Pickin' and Grinnin' At Ole KenCen
|This appeared in The Washington Times - March 28, 2006|
The Grand Ole Opry marked its 80th anniversary with down-home humor and lots of hot picking Sunday night.
"The Grand Ole Opry at the Kennedy Center -- it's happening for me," said Travis Tritt, one of the stars of the two-hour show, the first big performance in the center's three-week salute to country music.
The Grand Ole Opry, which has a 4,400-seat home theater on the outskirts of Nashville and a venerable live broadcast on WSM-AM 600, is making an unprecedented appearance at the Kennedy Center.
"I've watched it on television, and now I'm here," Mr. Tritt said.
In front of the Opry's trademark red barn backdrop and before about 2,400 fans, the country stars were making up for lost time.
Marty Stuart and his band, the Fabulous Superlatives, got the evening rolling in the Concert Hall with blistering twin Telecaster leads, offering up "Homesick" and "Buckaroo," the instrumental theme of Buck Owens, who died Saturday at age 76.
Rebecca Lynn Howard sang her goose-bump-inducing ballad "Forgive" and her rocking pop-country tune "Everybody Gotta Have Somebody" with Mr. Stuart's band.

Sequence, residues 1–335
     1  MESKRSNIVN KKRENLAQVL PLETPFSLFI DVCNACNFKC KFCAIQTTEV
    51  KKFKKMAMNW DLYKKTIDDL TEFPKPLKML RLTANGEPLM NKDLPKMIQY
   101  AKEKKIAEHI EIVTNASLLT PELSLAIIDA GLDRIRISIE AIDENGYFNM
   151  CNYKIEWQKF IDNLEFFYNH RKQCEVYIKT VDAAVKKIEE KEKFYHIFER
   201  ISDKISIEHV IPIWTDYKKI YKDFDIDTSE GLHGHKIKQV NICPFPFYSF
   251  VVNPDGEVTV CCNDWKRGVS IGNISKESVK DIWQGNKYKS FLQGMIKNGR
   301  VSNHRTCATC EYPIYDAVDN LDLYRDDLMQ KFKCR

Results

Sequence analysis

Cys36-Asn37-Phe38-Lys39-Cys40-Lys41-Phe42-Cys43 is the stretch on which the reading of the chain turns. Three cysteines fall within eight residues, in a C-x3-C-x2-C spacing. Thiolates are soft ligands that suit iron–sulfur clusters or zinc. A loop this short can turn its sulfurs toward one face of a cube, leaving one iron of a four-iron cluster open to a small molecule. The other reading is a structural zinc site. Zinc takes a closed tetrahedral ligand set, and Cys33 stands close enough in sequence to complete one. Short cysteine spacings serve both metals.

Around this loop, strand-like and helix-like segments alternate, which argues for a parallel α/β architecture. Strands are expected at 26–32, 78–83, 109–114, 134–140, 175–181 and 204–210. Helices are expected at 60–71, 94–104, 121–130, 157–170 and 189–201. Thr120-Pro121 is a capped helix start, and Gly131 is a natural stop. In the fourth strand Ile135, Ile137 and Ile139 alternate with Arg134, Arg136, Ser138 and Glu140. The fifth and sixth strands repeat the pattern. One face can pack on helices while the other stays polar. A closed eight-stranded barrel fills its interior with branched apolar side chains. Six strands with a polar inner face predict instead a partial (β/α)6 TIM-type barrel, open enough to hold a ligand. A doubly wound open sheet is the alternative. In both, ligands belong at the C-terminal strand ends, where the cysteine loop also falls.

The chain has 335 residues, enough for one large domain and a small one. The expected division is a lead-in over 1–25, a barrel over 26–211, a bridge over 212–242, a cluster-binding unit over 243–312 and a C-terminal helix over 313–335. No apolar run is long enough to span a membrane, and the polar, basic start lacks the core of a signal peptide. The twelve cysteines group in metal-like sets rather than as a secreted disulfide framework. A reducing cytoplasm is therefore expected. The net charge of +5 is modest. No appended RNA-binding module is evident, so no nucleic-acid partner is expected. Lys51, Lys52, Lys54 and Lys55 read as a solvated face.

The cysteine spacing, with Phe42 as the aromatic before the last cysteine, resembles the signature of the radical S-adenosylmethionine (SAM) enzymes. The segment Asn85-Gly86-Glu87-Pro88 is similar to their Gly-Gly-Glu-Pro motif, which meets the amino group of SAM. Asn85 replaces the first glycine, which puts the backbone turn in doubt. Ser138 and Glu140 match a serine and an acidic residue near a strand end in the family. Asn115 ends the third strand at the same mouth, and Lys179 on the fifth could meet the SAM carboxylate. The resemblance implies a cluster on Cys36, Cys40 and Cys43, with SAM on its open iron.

The Del McCoury Band sang "Adios," the '60s pop song "Nashville Cats" and the gospel quartet "Working on a Building" and closed with the Richard Thompson-penned "1952 Vincent Black Lightning," which has brought acclaim to the bluegrass band in folk and jam-band circles.
Mr. Stuart reappeared with a flat-top guitar to sing "Dark Bird," his touching tribute to Johnny Cash.
Mr. Stuart got out his mandolin and brought Ronnie McCoury to the stage for a duet on Bill Monroe's "Rawhide," and host Eddie Stubbs appeared with his fiddle to lead the combined bands in "Orange Blossom Special."
The ensemble was led by Mr. Tritt on banjo in the closing song, "Foggy Mountain Breakdown."
By Jay Votel
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